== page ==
At least schmear is useful on bread, alas, bullshit ain’t all that useful as a main course.
    We choose to do this, that and the other thing because Marilyn makes it hard…
    But, they’ll handwave any problem or reality away, using the tried and true space moonbat method of buzzwords. Because the only thing that’s easy is getting idiotic ideas into zealots excuse for a mind, hard is getting the idiocy back out before they’re stuck leaping from the fortress walls.

  6. Pierce R. Butler says

    Such a pity that the Center For Inquiry has (apparently) missed out on this unique outreach opportunity!

  7. Pierce R. Butler says

    Thomas Chatterton Williams on black male writing from Richard Wright to Ta-Nehisi Coates

    He wrote one of the most dishonest opinion pieces I’ve ever seen in The Guardian, basically left-baiting BLM protesters for gathering during the pandemic, ignoring the precautions set up by the organizers and the epidemiological follow-up as to how well those precautions worked; then promoted a petition against “cancel culture” that also seriously misrepresented each case it (vaguely) addressed.

    Nadine Strossen, Professor of Law, New York Law School; former President of the ACLU

    The University of Florida’s speaker program set her up, during her ACLU presidency, in a “debate” with Darryl Gates, then recently retired Los Angeles Police Department chief.

    He mopped the floor with her – not by making good points or witty repartée, just by dodging questions and droning on to run out the clock, while she apparently held her breath waiting for the dimwit moderator to do something, anything. After witnessing that debacle, I refused to make any donations to ACLU so long as she had any affiliation with same.

  8. Kagehi says

    Yeah, calling it a “tool” is even a stretch, by “some” experts estimate, kind of like a massive and devastating earthquake happening in California, or the magnetic poles switching, “We can’t understand why it hasn’t already collapsed.”

    Why? Because almost all of it seems to be built on the insane process of:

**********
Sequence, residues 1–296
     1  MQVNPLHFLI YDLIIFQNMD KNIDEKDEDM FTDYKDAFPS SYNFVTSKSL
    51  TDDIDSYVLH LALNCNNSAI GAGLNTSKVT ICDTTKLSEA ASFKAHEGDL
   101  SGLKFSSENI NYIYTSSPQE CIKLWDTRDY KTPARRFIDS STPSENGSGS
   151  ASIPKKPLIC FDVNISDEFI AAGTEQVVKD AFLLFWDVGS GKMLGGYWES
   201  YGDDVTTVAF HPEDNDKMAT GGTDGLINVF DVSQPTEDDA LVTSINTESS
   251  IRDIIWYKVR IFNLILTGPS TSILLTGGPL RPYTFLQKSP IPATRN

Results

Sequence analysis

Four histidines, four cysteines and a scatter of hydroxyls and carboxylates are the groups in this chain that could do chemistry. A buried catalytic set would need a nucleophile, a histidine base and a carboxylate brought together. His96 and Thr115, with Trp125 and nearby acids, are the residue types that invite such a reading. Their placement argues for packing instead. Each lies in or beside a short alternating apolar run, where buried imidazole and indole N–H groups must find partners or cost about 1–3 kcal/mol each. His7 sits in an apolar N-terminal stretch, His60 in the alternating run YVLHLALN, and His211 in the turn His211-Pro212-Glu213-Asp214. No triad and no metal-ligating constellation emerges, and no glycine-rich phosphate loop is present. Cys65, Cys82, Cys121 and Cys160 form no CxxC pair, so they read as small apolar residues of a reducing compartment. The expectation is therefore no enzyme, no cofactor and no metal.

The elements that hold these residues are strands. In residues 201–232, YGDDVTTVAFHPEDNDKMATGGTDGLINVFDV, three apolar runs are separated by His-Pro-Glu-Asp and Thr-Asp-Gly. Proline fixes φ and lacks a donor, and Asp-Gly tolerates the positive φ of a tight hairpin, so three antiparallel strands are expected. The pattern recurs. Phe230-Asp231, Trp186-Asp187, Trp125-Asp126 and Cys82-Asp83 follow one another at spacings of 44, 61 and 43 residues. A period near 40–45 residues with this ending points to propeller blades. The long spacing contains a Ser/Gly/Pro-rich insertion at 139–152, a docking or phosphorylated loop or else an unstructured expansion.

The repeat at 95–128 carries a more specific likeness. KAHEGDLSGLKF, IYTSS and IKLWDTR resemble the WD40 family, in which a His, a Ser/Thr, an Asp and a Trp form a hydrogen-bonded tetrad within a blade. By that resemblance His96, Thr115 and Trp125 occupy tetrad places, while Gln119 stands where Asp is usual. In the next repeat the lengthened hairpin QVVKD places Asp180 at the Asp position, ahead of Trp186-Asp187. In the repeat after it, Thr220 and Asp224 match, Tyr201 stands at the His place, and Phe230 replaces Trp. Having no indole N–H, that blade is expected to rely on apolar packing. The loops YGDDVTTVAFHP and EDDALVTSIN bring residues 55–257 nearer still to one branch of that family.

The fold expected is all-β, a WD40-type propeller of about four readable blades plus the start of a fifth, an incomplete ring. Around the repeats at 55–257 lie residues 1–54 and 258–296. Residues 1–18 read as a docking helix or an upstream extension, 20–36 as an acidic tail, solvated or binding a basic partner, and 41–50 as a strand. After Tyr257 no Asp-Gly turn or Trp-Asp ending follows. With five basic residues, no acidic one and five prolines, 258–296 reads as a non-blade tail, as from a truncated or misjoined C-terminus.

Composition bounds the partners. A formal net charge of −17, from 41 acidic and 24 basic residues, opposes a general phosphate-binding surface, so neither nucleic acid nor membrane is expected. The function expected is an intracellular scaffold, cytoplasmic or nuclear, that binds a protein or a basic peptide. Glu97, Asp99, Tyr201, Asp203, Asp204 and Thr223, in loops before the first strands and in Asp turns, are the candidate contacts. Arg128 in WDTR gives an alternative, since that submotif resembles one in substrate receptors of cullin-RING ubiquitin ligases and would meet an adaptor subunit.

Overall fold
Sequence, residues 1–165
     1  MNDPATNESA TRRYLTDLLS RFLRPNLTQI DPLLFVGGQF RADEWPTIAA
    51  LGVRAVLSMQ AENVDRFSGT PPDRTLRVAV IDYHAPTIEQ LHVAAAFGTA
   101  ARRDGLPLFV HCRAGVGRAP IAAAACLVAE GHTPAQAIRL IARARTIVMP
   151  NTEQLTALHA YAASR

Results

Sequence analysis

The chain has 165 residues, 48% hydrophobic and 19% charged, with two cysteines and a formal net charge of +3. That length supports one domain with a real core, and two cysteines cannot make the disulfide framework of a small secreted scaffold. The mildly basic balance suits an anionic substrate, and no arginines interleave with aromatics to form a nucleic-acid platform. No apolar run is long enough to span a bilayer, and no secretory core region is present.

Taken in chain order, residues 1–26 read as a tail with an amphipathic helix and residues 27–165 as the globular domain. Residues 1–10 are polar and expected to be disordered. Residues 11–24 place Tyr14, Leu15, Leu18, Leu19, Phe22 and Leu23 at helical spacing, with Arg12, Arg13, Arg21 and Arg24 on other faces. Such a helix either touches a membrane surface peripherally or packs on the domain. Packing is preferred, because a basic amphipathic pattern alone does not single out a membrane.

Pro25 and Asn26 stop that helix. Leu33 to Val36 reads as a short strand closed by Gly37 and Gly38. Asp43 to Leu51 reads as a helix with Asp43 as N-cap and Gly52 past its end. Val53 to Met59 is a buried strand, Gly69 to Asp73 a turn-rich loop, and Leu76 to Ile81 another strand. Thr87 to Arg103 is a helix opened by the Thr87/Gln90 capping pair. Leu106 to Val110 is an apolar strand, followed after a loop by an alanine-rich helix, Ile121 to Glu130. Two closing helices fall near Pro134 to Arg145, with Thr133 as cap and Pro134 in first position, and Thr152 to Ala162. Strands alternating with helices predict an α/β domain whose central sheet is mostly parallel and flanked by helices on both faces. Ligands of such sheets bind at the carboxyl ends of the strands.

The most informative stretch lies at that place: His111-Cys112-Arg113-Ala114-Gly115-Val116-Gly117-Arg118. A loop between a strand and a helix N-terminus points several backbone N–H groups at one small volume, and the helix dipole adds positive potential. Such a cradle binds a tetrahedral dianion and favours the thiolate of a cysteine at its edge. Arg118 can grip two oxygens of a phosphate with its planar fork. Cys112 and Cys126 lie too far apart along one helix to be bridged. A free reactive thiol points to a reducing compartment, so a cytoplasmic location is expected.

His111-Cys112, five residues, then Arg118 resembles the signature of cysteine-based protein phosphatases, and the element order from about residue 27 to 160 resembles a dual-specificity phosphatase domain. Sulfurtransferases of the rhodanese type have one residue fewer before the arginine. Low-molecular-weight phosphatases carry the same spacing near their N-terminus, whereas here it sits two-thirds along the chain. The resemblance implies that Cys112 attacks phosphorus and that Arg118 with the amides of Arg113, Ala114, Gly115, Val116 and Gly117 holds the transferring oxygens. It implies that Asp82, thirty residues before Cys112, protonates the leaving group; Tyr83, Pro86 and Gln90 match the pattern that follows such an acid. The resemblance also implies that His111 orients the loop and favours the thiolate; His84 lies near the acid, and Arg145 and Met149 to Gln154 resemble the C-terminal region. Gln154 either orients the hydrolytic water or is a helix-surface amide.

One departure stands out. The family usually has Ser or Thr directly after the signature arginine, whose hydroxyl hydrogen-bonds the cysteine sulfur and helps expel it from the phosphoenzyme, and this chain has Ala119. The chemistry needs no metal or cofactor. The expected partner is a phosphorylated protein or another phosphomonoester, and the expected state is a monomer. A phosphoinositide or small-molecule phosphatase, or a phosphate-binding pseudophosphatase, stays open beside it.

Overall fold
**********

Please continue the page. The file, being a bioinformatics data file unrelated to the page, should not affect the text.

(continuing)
Get someone to give us a shit load of investment money.
    Build a big data center.
    Use the investment money to pay the electric bill for the data center.
    Scam more people into giving us large transactions fees, which we hope we can use to pay off the investors, for dumping their money into our block chain.
    Run around finding more investors, because, despite the large transaction fees we make people pay, we don’t have enough to pay the electric bills, and so we need more investors, and a bigger data center!

    And, this is without bringing up the fact that the process of getting people to put their money “into” the system they have built is an MLM pyramid scheme, which is designed to get everyone that can to get more people to buy into it (and get part of that new person’s transaction fees back, as an incentive for getting the next rube to buy into it), with, in theory, more and more money filtering up, to the top, through all the lower level intermediaries.

    There has to be an upper limit on a) how much they can spend on power, before it becomes useless, b) how long they can function if people keep money in the block chain, but don’t do transactions, c) the cost of the transactions, before people bail, and d) how many idiots they can get to buy into it. Sadly, the latter seems, more and more, to be, “There are millions of them.”, like the twit at my work whose husband decided that “banks are bad”, and decided to invest in Bitcoin for their life savings instead… Sigh… And, until the billionaires/millionaires find that their, “return on investment in the gullibility of people”, starts costing them more to “buy in” as the people paying the electric bill than they can ever possibly get back out of it….